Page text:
This study identified a clear relationship between exposure to feedback and perceived effectiveness of feedback. Thus, it is imperative to provide students with different types of feedback, and evaluate what is helpful for them. Obviously, the more feedback students get, the more valuable it becomes. Teachers should discuss the types of feedback they typically provide to their classes. Then ask students to share what types of feedback they have found most helpful.

The definition of “effective feedback” is going to be modified within your course. Poll your class to find out what types of feedback students think would improve their writing.

Sources

http://go.turnitin.com/What-Instructors-Say-on-Student-Papers

http://go.turnitin.com/what-students-say-about-teacher-feedback

closing_the_gap_infographic

CCSS Presentation Materials

Goal-setting approaches to student writing

I wrote a paper on the results that happened after implementing this program at two high schools. I give this presentation to inspire teachers to consider alternative grading methods and increase the number of writing assignments they require of their students. I have found that over the course of the year my students can double, if not triple the amount of words they put on a page in one class period. The next trick is to partner with an English teacher, who can help them take the quantity they are now proficient in and turn it into quality writing. I have found that this level of competition really motivates students. This work has borrowed heavily from Chip Brady and the excellent curriculum at The DBQ Project, who provided inspiring professional development and encouraged me along the way.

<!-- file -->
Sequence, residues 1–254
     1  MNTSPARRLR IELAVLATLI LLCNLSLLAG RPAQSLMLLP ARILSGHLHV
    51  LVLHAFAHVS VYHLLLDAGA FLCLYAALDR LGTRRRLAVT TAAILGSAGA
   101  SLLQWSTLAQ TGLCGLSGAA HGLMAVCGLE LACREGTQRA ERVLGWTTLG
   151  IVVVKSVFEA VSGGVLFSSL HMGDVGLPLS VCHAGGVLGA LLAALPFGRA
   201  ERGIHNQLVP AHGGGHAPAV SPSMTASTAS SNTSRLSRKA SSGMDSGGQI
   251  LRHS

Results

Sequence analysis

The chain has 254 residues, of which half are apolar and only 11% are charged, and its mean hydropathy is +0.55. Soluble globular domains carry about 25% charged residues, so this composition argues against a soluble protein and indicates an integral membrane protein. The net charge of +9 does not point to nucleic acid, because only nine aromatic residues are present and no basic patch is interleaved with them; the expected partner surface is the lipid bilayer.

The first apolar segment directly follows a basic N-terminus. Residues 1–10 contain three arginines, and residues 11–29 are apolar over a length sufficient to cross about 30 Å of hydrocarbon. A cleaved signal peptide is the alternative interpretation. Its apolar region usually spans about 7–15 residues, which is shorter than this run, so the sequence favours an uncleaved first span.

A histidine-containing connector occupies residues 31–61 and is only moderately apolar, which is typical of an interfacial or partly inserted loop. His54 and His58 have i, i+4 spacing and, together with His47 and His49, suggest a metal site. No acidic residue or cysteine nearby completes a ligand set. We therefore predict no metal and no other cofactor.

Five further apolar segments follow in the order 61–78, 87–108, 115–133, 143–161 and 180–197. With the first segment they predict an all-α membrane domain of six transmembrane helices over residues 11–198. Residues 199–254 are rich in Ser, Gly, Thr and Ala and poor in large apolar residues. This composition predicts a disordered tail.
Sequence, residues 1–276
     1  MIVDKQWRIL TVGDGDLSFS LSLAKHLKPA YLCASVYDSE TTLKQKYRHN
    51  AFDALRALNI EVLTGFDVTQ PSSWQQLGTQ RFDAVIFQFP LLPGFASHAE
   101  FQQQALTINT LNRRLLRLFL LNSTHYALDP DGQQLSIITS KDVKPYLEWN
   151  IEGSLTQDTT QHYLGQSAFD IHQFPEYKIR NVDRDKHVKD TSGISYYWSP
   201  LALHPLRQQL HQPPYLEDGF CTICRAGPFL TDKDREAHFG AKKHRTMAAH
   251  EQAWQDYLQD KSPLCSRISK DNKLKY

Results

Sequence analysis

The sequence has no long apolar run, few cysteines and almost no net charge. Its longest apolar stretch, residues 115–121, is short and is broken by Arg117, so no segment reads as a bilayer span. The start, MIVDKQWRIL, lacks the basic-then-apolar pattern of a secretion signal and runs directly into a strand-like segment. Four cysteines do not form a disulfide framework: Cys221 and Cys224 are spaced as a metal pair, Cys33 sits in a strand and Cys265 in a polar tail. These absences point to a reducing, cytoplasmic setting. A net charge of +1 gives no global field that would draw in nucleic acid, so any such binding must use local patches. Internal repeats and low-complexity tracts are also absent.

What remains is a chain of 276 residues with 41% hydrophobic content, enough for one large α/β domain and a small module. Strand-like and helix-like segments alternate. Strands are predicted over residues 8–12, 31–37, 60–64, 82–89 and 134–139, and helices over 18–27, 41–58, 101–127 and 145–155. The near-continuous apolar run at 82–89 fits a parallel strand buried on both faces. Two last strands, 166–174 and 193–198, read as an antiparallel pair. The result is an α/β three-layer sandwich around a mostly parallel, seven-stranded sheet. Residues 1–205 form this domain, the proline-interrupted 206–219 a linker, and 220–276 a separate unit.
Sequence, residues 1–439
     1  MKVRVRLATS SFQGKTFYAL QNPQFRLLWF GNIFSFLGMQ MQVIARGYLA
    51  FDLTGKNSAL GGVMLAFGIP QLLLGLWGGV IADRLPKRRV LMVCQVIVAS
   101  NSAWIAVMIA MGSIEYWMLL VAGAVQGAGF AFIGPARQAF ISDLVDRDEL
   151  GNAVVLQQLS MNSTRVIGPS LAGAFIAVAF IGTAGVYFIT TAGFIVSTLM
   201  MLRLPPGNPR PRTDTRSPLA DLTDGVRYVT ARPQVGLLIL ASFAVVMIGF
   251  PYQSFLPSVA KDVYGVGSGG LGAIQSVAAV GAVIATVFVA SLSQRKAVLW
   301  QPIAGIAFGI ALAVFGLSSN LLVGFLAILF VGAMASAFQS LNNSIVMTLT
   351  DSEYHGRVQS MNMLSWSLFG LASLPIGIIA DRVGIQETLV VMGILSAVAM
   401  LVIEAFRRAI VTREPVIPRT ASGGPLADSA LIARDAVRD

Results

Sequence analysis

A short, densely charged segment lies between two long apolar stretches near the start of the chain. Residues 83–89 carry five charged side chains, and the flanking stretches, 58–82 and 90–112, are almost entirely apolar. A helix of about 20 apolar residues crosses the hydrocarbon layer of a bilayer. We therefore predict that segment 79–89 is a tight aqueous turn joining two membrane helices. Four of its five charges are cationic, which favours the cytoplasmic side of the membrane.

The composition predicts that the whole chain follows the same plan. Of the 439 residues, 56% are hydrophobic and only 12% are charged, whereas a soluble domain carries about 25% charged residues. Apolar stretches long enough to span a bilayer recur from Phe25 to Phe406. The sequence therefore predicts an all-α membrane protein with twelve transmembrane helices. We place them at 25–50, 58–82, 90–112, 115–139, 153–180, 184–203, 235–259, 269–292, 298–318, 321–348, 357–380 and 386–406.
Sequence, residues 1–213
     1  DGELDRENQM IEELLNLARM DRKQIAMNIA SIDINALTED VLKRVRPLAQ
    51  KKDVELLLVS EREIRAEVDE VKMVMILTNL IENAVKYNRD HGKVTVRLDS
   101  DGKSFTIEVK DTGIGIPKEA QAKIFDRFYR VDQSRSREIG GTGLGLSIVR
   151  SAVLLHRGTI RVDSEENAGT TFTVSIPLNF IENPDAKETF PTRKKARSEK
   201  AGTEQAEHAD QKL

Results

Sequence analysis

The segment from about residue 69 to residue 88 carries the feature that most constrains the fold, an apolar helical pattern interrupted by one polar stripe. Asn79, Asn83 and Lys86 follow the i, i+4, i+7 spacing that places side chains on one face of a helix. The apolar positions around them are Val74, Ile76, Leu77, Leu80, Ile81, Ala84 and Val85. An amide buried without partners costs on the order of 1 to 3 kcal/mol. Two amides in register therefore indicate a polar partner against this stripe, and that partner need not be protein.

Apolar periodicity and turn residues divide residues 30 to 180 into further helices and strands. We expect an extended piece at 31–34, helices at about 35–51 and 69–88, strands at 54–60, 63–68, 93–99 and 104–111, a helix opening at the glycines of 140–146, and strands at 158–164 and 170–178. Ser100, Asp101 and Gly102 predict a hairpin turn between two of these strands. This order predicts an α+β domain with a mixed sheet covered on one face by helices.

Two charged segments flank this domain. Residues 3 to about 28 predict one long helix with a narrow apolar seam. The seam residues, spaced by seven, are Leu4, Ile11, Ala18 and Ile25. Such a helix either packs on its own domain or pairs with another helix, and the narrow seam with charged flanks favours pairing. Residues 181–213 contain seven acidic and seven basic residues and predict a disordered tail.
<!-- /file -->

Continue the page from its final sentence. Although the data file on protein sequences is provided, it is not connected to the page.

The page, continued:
Peer review with tech

Many high quality studies influenced my decision to start evaluating student writing quantitatively, De La Paz, S. (2005), De La Paz, S., & Felton, M. (2010), Monte-Sano (2008, 2011) and (Monte-Sano & De La Paz, 2012). I strongly feel that History/Social Science departments should report descriptive statistics about their students’ writing in order to derive a common set of writing expectations by age and grade level. Further, recent advances in automated essay scoring may make it possible for students to receive feedback from a computer before approaching the teacher to partner in improving the writing together. See this Lightside Labs Revision Assistant video and feel free to expand on this annotated bibliography tracking the major players in the automated essay scoring market. K12 teachers should provide input to the companies developing these products and the lefty-Liberal in me hopes all of these products will eventually be open source, like the PaperRater product that my students recently used on a speech project.

Peer review without tech

Most of the work I reference here came from O’Toole (2013), Brookhart (2013), and Bardine and Fulton (2008). Learning by evaluation has long been used by English teachers, it is time for history teachers to embrace the practice. If the CCSS are truly able to get us off the breadth vs. depth Historical coverage treadmill, History/Social Studies teachers are going to need tools and strategies to assess the writing they assigned. Having students read each others writing gives them much needed context. Before I wrote my dissertation, I read dozens of others on the same subject. History teachers will need to learn how to use mentor texts and provide general feedback instead of making margin notations on every paper they receive. English teachers have used peer rubrics and criteria charts to help students with their writing. It is time for history teachers to start incorporating those tools into their classrooms.

CCSS Presentation Resources

Free Plagiarism Tools

http://elearningindustry.com/top-10-free-plagiarism-detection-tools-for-teachers

Robo-Readers are Better than Human Readers

http://hechingerreport.org/content/robo-readers-arent-good-human-readers-theyre-better_17021/

Flunk the Robo-Readers

http://www.bostonglobe.com/opinion/2014/04/30/standardized-test-robo-graders-flunk/xYxc4fJPzDr42wlK6HETpO/story.html

Where Does Automated Essay Scoring Belong in K12 Education

https://www.edsurge.com/n/2014-09-22-where-does-automated-essay-scoring-belong-in-k-12-education